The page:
air dried ham curing time

Air dried cured Meat Techniques

air dried ham curing time

Postby bluemonkey » Thu Jan 12, 2012 6:49 pm

Just a quick question I was hoping someone could help with, I've planning on doing an air dried ham and I would like some advice on curing times. I'm using a boned 3kg hand of pork, skin on and about 2-3 inches thick. Thanks
bluemonkey
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Postby grisell » Fri Jan 13, 2012 10:53 am

There are basically two ways of salting. The method often used by the industry in e.g. Italy is to bury the ham in lots of salt for a well defined time. The other method is to use the 'equilibrium method', i.e. to use a well defined amount of salt.

The first 'time' method requires testing, skill and experience as the salting time depends on the slaughtering method, the ham's fat/water ratio, temperature etc. It's of course more practical in the industry, but very difficult to succeed with for a beginner. A few days more or less in the salt will mean the difference between success and failure.

Thus, I recommend the equilibrium method. I always use it. I do like this:

I add 27 grams of dry, high quality sea salt including cure per kilo of meat with bone and 30 grams per kilo of boneless meat (that's 12 and 13.5 grams/lb, respectively). I also add some white sugar, about 5 g/kg - this is optional; but no spices. In addition to that amount, I rub the rind with wet salt. Then cure it for one week per inch thickness plus one week, turning regularly and removing excess liquid. For your ham with three inches thickness (better too long than too short), that would be 3+1 = 4 weeks of salting. After the prescribed time, the ham is brushed to remove residual salt (if any).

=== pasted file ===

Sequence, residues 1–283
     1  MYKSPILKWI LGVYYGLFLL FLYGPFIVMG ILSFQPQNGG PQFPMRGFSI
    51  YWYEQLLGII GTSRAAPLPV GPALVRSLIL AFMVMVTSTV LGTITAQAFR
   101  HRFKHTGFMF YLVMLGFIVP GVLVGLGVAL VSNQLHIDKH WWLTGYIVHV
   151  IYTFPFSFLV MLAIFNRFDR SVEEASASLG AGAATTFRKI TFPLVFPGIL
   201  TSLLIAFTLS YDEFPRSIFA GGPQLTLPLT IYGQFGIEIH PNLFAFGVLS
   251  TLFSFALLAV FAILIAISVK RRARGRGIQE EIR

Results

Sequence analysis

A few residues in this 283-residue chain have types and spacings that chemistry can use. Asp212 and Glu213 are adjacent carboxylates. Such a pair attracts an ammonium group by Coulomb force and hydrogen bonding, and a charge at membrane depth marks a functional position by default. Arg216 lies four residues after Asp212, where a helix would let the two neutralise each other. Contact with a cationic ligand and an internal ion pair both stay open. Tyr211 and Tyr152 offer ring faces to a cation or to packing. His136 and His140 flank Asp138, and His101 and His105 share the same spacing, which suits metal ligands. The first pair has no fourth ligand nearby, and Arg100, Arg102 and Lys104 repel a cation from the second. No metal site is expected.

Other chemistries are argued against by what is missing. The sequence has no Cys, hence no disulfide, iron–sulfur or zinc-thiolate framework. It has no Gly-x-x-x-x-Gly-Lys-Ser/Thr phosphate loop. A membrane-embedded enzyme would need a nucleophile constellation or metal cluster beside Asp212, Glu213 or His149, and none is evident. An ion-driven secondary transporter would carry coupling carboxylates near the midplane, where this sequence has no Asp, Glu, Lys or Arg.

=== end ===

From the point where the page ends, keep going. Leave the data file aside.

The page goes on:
Then comes the 'resting' period. This is very important in order for the salt and cure to distribute evenly in the meat. The resting period lasts for one month for small hams, and two-three months for larger hams (let's say around one month per 5 kgs/10 lbs). The meat is turned frequently. In your case, the resting period would be at least a month. Again, better too long than too short.

The temperature during salting and resting should be close to 0 C/32 F. Some air exchange, but not much, is necessary.

After resting, I wash the ham in tepid water and wipe it dry. Then spray it with a mould culture and hang it to ferment for 2-3 days in 20 C/68 F and high humidity (some makers skip this fermentation step).

After that, I move it to the drying chamber. I dry to around 30% weight loss and then cover the exposed flesh with a paste made from lard, rice flour and salt. Then let it hang to mature for at least nine months more. It's ready to eat without maturing, but the flavour improves immensely with ageing. Some Spanish producers let their hams mature for three years.
André

I have a simple taste - I'm always satisfied with the best.
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Postby bluemonkey » Fri Jan 13, 2012 8:44 pm

Thanks for taking the time to post such a detailed answer to my question, I'm now feeling a little more confident that I was heading in the right direction. Hopefully I'll have some good news to report in a few months time!
bluemonkey
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Postby grisell » Fri Jan 13, 2012 10:11 pm

You are welcome! :) Please let us know how it's going.

- and welcome to the forum! :D
André

I have a simple taste - I'm always satisfied with the best.
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